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tv   BBC News  BBC News  September 7, 2019 1:00pm-1:31pm BST

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good afternoon. a group of mps are preparing legal action if borisjohnson refuses to carry out the instruction of a new law which could require him to ask for a further delay to brexit. the legislation, to rule out the option of a no deal exit at the end of october, is expected to become law on monday. the prime minister has said he would "rather die in a ditch" than ask for a brexit extension. our political correspondent matt cole reports. after a week of wrangling and some
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the most testing days a fledgling prime minister has faced boris johnson has a weekend to pause and a think. as many of that opinion will say content... the contrary not content. the contents have it. the lords have followed the commons, approving legislation so by monday it should be locked in law that britain can't leave the eu without a deal on october 31st. which appears to mean the pm is boxed in. he can break his pledge not to ask for more time or he can break the law and not ask for an extension. remember, the new law means boris johnson ask for an extension. remember, the new law means borisjohnson has until october 19th to get a deal with brussels. if not, the new law says he must write and request more time, until at least january 31st. but yesterday, he said this. this bill would in theory mean that the government was obliged to write a letter asking brussels for a pointless delay. downing street stress this is borisjohnson merely
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underlining he will not put pen to paper but some fear he is seeking a loophole or way around the law, and seniorfigures are loophole or way around the law, and senior figures are counselling caution. it is a fundamental principle we are governed by the rule of law that i hope that nobody of any party will question it and defying any particular law sets a really dangerous precedent. so concerned are some mp, not least tories sacked by borisjohnson this week they have confirmed readying lawyers to challenge the prime minister if he doesn't comply. courts making a decision to try to make a prime minister abide by the law made by a parliament of which he isa law made by a parliament of which he is a member, these are strange times for democracy. putting it to the people, having a general election is one solution borisjohnson is general election is one solution boris johnson is pursuing general election is one solution borisjohnson is pursuing but without opposition mps support that is not an option and they are refusing to help. of course, if this man can as he has pledged get a deal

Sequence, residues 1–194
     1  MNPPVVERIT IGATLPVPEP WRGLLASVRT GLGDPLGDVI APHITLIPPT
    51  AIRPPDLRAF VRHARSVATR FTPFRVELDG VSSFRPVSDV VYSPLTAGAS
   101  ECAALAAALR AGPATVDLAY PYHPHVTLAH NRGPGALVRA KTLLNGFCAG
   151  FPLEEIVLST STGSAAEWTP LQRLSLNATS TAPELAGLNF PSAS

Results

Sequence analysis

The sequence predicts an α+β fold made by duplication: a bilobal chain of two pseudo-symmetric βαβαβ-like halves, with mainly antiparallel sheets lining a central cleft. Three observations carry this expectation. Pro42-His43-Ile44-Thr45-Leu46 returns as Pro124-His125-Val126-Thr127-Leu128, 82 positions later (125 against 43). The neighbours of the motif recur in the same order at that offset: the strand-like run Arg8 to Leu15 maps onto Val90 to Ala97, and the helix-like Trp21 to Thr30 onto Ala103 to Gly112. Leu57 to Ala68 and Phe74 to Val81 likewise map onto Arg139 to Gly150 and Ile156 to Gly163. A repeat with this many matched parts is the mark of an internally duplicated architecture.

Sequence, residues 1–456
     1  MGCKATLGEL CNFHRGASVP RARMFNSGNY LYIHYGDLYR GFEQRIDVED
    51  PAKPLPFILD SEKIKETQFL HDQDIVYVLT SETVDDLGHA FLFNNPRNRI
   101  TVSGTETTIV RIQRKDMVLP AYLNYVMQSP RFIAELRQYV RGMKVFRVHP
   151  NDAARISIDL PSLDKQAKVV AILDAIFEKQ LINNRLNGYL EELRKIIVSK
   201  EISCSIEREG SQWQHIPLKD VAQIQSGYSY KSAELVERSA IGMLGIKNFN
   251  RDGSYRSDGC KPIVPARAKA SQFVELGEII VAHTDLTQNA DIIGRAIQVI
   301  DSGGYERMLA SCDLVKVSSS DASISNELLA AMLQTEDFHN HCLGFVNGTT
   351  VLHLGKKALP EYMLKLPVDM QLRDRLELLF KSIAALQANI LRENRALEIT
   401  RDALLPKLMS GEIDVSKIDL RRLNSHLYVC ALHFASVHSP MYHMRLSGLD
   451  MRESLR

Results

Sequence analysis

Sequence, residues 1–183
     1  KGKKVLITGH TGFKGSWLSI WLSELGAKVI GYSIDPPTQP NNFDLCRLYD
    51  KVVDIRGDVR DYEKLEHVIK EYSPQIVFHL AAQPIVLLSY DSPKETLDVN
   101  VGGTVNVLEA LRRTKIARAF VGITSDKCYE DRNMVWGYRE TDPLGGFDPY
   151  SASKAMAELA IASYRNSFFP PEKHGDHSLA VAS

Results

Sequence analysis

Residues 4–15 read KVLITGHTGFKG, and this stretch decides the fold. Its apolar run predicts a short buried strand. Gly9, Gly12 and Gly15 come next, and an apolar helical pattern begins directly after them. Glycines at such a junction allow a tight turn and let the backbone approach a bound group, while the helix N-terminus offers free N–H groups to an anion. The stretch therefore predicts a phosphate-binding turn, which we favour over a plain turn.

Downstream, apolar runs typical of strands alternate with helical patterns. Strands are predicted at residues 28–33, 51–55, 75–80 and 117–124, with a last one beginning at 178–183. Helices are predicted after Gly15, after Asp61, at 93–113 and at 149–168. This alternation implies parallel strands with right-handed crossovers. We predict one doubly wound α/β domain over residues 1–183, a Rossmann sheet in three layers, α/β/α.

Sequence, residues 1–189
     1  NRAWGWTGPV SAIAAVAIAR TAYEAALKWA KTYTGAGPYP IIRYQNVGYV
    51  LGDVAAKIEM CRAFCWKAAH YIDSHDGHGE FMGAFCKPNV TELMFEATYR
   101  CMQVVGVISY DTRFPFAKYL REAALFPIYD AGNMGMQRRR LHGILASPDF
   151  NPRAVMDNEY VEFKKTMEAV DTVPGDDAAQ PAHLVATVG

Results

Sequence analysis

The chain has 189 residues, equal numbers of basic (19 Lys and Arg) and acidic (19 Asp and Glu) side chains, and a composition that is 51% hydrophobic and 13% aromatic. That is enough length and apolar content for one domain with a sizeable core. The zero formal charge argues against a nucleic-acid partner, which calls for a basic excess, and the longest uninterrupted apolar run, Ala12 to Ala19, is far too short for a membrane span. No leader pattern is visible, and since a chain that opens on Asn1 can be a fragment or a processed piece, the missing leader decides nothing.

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by mid—october, things could move in a very different direction but right now, there is little sign of that. direction but right now, there is little sign of that. an iranian oil tanker, which was seized by royal marines off the coast of gibraltar injuly because it was suspected of travelling to syria against eu sanctions, has been spotted near a syrian port. the ship was released on the condition it would not take oil to syria. it's been photographed by satellite near the port of tartus. helena wilkinson reports. this is the iranian oil tanker, the grey swa n this is the iranian oil tanker, the grey swan which was detained off gibraltar, sparking an international diplomatic crisis. back injuly, it was stopped by royal marine, suspected of moving oil to syria, a breach of eu sanctions. the americans tried to stop the tanker from being released. but last month, iran gave assurances it wouldn't